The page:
Encouraging an elderly loved one to enter a long-term care facility is a difficult process. Our New York elder law estate planning attorneys understand that handling the financial affairs in preparation for this care is only half the battle. Many mental and emotional challenges remain when deciding whether to move a senior out of their own home and into a long-term care facility. This process is made even more difficult by the stigmas associated with nursing home life. Popular culture spreads the perception of these facilities as prison-like institutions where a senior’s freedoms are restrained and their quality of life deteriorates. That need not be the case.
As a Daily Finance article this week explains, dispelling the misperceptions about long-term care facilities begins with understanding the rights retained by residents of these homes. There is often misunderstanding about the degree of power that nursing home staff members have over residents in their care. For example, some area families are mistakenly told that their loved one cannot leave the facility without doctor permission. This is usually inaccurate. As one advocate with the National Senior Citizens Law Center explained, “The person isn’t incarcerated and doctors are professionals hired to give advice, not force people to do things against their will.”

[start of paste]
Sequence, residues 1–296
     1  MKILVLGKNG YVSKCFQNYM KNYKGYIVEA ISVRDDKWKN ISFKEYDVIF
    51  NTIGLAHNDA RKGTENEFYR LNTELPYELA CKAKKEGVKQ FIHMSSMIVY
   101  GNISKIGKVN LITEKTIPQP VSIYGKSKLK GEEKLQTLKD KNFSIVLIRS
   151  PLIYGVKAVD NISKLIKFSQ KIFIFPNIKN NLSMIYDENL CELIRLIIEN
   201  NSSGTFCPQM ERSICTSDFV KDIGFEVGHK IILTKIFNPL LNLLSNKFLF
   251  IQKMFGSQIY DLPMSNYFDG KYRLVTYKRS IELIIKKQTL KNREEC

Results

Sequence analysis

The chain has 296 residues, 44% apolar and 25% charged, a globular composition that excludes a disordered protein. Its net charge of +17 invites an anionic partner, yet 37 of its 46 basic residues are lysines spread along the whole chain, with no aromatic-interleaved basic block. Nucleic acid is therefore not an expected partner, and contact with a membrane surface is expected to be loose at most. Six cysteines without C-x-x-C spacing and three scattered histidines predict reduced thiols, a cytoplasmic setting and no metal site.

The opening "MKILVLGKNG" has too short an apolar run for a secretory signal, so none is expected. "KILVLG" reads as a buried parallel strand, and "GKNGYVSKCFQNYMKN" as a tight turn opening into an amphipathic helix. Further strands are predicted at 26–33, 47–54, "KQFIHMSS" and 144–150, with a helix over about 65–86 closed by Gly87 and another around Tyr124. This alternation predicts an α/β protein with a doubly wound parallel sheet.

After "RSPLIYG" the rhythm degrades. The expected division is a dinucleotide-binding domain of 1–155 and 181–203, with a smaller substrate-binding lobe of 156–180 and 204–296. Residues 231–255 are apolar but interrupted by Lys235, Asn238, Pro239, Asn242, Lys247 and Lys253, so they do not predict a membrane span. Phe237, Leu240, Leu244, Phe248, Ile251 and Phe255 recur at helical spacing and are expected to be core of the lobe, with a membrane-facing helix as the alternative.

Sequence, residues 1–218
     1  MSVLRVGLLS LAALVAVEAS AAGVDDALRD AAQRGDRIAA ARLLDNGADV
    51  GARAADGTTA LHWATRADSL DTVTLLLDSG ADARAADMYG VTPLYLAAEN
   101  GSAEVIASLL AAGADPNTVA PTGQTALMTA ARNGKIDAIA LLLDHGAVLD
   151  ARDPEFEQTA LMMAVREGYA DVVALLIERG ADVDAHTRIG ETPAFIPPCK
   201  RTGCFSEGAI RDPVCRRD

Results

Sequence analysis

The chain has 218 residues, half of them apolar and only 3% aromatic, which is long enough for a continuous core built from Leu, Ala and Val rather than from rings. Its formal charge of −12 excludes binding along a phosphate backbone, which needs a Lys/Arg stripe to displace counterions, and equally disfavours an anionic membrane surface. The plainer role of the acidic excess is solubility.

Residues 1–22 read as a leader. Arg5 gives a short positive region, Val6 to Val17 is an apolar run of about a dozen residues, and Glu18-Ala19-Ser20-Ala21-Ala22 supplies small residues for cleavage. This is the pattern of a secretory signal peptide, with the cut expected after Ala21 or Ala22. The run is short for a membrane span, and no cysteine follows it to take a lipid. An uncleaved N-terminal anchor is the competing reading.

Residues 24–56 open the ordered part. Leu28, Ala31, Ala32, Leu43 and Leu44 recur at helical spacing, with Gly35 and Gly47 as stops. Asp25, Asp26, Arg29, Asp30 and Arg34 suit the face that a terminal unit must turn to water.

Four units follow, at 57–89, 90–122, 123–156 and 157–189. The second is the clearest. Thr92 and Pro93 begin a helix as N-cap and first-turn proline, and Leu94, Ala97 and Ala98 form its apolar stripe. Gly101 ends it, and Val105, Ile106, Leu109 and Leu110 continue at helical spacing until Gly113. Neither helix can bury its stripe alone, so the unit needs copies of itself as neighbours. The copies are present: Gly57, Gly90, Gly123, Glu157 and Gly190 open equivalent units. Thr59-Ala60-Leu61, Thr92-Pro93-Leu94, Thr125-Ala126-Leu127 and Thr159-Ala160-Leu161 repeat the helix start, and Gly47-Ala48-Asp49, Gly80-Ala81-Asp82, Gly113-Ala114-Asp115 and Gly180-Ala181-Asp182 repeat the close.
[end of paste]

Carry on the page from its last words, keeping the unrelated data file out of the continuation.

There are many other freedoms which residents and their relatives maintain when they enter a nursing home. Resident families generally cannot be restricted to specific visiting hours and they must be allowed to participate in planning care. Also, residents maintain the right to chose when they wake up, go to bed, and similar daily freedoms. The National Senior Citizen Law Center provides a comprehensive list of the rights seniors retain whenever they enter a nursing home.
No one gives up basic freedoms when they enter a long-term care facility. However, it is important to remember that overall nursing home quality can vary dramatically. Some facilities have committed the resources to ensure that residents retain as much independence as possible, while others fall far short of that goal. For many area seniors, the quality of the home where they end up living depends on the amount of preparation done ahead of time to account for their long-term care needs. Proper New York elder law estate planning can ensure local residents have the resources they need at the right time to enter a facility that is the best fit for them.
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